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Bioluminescence in the benthopelagic holothurian Enypniastes eximia

Published online by Cambridge University Press:  11 May 2009

Bruce H. Robison
Monterey Bay Aquarium Research Institute, Pacific Grove, California 93950, USA


Enypniastes eximia (Echinodermata: Holothuroidea) is a prominent member of the benthic boundary layer community in deep Caribbean waters. Like most holothurians it feeds on benthic sediments. Feeding is episodic and after collecting food on the bottom it returns to the water column at altitudes within about 50 m of the sea floor. Direct observations from submersibles and laboratory studies of living specimens have shown how bioluminescence is produced. Light production in E. eximia is triggered mechanically, and is produced by hundreds of granular bodies within the gelatinous integument of the animal. Local stimulation yields a localized response which gradually spreads to the entire surface of the animal. Broad impact yields a whole-body luminescent response. The integument of E. eximia is quite fragile, and strong physical contact readily causes the skin to be sloughed off in a glowing cloud. The degree of luminous response is a function of the severity of contact. In the laboratory the skin of E. eximia, along with its luminescent capability, regenerated rapidly. The anti-predatory role of bioluminescence in this species is apparently a ‘burglar alarm’ strategy. In the dark, near-bottom habitat, physical contact by a predator elicits light production which reveals the presence of the attacker to its own visually-cued predators.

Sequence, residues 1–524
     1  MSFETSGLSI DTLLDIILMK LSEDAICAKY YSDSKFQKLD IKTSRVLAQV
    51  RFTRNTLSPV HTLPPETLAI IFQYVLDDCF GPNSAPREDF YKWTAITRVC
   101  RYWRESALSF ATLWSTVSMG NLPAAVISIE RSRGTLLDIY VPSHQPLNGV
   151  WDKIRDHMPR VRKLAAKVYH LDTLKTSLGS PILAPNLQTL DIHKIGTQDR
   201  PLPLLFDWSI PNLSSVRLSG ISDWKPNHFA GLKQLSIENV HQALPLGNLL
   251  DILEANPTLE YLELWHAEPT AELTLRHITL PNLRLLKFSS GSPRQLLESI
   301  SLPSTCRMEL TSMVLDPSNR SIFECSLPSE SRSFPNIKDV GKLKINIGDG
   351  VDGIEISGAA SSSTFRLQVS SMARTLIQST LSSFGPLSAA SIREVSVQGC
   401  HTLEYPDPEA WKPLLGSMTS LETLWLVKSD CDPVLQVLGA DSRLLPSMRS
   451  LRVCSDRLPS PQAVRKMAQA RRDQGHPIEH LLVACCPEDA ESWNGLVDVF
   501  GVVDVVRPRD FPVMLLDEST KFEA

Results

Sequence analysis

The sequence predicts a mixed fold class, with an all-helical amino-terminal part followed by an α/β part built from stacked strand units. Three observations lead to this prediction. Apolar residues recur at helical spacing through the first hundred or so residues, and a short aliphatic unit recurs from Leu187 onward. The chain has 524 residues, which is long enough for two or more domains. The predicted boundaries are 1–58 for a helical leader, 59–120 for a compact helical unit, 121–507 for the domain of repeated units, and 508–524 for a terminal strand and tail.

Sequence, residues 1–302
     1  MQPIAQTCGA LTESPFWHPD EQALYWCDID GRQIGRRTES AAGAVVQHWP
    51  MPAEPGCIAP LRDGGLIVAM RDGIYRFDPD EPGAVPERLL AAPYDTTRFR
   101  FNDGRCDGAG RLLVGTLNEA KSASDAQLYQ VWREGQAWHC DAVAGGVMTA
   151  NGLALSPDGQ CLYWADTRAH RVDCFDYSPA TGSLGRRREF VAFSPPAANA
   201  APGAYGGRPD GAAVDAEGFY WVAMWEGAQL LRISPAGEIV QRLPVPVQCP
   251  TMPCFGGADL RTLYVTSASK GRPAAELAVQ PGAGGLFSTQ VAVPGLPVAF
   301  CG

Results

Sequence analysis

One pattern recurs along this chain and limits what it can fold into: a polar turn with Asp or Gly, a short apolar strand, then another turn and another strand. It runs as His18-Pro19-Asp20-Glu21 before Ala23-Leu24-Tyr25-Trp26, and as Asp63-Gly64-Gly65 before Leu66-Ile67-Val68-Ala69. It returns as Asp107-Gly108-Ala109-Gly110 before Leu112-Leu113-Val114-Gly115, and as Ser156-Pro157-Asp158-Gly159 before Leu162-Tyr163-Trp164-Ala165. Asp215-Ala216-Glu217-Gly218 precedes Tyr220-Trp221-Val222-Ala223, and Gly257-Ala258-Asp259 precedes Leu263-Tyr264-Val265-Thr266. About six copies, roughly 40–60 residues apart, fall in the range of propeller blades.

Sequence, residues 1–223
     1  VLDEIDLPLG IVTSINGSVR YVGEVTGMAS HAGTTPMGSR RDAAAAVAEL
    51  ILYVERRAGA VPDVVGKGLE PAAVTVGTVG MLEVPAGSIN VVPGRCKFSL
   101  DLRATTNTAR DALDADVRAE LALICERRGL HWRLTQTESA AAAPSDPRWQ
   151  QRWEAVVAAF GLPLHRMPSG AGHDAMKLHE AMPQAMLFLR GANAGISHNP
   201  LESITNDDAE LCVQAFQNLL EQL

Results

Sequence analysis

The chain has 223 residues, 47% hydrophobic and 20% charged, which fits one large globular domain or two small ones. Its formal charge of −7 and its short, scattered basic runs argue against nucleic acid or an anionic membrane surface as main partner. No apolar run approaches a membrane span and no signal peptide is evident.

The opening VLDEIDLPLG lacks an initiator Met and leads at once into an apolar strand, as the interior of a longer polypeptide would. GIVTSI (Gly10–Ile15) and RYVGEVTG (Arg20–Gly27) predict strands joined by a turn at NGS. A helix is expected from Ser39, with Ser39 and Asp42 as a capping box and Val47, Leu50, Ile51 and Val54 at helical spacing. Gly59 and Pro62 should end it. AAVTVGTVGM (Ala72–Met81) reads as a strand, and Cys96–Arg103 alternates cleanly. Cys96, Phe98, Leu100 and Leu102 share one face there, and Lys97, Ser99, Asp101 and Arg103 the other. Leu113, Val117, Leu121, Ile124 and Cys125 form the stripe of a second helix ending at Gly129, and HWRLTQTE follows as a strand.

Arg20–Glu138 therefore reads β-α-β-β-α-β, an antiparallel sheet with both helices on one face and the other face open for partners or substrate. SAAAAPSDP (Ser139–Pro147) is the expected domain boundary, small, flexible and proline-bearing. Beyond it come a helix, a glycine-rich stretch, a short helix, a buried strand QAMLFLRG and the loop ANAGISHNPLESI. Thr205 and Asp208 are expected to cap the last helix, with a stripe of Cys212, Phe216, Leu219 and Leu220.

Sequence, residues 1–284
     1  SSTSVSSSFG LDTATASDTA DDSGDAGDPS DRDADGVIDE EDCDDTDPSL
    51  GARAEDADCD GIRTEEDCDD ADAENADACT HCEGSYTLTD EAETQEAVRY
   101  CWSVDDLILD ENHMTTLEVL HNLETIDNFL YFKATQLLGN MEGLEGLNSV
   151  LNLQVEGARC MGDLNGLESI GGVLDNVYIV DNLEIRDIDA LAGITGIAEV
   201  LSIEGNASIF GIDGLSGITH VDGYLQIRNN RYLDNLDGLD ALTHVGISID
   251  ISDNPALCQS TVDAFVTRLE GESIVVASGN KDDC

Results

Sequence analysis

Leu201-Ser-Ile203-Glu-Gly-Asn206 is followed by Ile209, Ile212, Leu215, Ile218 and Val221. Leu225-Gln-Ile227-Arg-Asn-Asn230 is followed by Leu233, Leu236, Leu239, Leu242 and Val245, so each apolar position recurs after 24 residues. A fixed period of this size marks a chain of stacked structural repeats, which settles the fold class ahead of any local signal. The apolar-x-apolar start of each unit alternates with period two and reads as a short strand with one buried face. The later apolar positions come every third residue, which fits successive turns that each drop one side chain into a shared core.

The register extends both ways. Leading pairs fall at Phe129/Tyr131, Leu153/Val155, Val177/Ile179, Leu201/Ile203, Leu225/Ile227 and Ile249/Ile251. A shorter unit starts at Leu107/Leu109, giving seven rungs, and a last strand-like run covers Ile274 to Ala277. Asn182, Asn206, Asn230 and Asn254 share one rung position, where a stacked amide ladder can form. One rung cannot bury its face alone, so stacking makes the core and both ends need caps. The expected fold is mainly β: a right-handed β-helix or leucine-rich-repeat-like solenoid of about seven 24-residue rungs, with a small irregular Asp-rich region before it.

Research Article
Copyright © Marine Biological Association of the United Kingdom 1992

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